NBC5 Chicago has learned a massive team of attorneys and investigators from the Civil Rights Division of the U.S. Justice Department is, on the eve of Christmas and Hanukkah, working feverishly to complete its probe of the Chicago Police Department.
And they're planning to finish their work before the Obama administration ends and the Trump administration begins.
Sources with a working knowledge of the investigation tell NBC5 that the goal, requiring unprecedented speed by DOJ standards, is to issue a detailed “Findings Letter” into the pattern and practice of CPD. And to do so whether or not Mayor Rahm Emanuel or his law and police departments have agreed to the terms of a consent decree for corrective action.
The holidays are a good time to bury bad news. People after all have much on their minds as they prepare for family, food, and time away. And so the news this week that Mayor Emanuel had finally stopped fighting the Tribune and the BGA’s efforts to access his private emails (where he was in many cases doing government business) may have a shorter news shelf life in a Yuletide season.
Similarly, this week’s Tribune story on the scathing findings of Chicago Inspector General Joe Ferguson that top brass, including the-soon-to-be-Superintendent Eddie Johnson, had early on viewed dash cam video and signed off on the 2014 police shooting of 17-year-old Laquan McDonald as “justified” would not be a good news story on any day. But, in late December, it will be seen by a smaller audience at a time when people are away from work or home.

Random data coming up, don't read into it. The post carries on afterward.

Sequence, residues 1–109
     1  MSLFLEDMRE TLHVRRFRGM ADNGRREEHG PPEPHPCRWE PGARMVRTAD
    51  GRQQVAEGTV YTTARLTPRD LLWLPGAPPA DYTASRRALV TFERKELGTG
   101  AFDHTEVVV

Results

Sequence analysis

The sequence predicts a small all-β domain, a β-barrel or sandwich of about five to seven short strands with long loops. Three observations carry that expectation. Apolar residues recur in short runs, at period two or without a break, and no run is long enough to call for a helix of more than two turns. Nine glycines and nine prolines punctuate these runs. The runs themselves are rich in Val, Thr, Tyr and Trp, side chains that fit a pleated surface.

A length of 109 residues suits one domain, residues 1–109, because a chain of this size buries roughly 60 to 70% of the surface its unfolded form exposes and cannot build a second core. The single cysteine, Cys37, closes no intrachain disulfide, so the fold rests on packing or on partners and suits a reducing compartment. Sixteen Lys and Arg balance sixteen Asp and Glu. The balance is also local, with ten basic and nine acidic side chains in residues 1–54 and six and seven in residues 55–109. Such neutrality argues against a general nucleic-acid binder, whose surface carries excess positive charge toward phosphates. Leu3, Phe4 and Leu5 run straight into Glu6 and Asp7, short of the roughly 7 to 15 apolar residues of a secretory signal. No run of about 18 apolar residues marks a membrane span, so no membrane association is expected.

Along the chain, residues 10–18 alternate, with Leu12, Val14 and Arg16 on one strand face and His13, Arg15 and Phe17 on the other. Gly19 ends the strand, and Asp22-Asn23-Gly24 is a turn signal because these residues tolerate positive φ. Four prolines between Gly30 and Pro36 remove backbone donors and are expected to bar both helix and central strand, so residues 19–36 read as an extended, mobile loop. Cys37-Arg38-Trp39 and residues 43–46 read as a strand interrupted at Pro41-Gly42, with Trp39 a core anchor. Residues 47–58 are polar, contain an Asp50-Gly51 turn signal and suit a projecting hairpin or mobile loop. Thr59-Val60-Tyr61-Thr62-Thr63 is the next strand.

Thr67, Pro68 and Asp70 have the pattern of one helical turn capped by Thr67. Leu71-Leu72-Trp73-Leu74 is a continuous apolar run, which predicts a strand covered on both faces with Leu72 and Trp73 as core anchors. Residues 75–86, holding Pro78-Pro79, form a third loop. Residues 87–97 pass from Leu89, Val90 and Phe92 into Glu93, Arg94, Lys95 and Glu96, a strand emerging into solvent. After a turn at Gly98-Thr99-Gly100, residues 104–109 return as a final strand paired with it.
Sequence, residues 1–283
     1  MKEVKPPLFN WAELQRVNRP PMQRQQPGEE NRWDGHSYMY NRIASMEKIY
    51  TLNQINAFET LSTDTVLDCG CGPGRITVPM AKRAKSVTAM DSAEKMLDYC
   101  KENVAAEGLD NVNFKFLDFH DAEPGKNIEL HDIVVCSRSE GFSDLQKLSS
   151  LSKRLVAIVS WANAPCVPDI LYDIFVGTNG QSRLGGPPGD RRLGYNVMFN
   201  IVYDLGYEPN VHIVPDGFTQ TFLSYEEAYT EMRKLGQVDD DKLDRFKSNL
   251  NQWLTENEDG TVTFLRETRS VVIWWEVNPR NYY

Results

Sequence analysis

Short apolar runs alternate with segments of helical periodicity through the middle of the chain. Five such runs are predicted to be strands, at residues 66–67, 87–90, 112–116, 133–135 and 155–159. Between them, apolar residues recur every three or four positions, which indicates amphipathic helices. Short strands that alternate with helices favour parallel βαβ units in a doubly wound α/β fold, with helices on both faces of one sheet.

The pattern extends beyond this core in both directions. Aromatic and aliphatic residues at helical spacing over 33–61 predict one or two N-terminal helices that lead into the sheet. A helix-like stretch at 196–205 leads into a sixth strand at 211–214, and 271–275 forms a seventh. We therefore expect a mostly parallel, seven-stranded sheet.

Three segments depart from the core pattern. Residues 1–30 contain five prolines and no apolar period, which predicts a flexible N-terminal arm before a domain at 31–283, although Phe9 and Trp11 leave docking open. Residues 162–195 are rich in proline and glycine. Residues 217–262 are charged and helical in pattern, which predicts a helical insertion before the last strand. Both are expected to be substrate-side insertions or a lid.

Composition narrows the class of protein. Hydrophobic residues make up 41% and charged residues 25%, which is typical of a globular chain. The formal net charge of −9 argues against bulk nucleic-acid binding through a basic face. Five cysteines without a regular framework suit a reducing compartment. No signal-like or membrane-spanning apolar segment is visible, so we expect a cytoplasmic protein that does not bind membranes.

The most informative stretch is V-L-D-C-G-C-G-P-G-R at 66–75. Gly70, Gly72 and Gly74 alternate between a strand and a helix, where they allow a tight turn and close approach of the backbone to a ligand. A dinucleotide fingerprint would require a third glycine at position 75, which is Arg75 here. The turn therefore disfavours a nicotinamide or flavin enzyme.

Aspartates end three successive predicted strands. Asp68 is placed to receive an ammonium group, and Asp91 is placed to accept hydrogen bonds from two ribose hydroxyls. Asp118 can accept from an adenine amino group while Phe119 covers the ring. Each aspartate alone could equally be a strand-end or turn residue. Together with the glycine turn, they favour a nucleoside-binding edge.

The Laquan McDonald video release, you may remember, was also fought by Mayor Emanuel and his Law Department. It was right before Thanksgiving a year ago that reporters and the public were finally allowed to view it once the city suddenly decided to no longer fight a court order.
And it was New Year’s Eve, another holiday almost a year ago, that the mayor’s office released a huge data dump of emails related to his office’s handling of the McDonald case after fighting to keep them sealed.
Holiday or not, the information keeps coming thanks to the Freedom of Information Act; reporters; watchdogs in and out of government; the courts; and outraged communities awash in Chicago’s still exploding gun violence.
When Attorney General Loretta Lynch announced in December of 2015 that the U.S. Department of Justice was opening a “Pattern or Practice Investigation Into the Chicago Police Department,” the excessive use of force was a foremost concern. But with each passing week, amid endless promises by Chicago officials of government transparency but with evidence to the contrary, DOJ investigators have much to consider about patterns and practices. And about public servants who, too often, treat the public’s information as if it was their own.
Sources tell NBC5 News that the DOJ Civil Rights team is working around the clock. And that Mayor Emanuel and his team should expect that detailed “Findings Letter” before Inauguration Day, Jan. 20.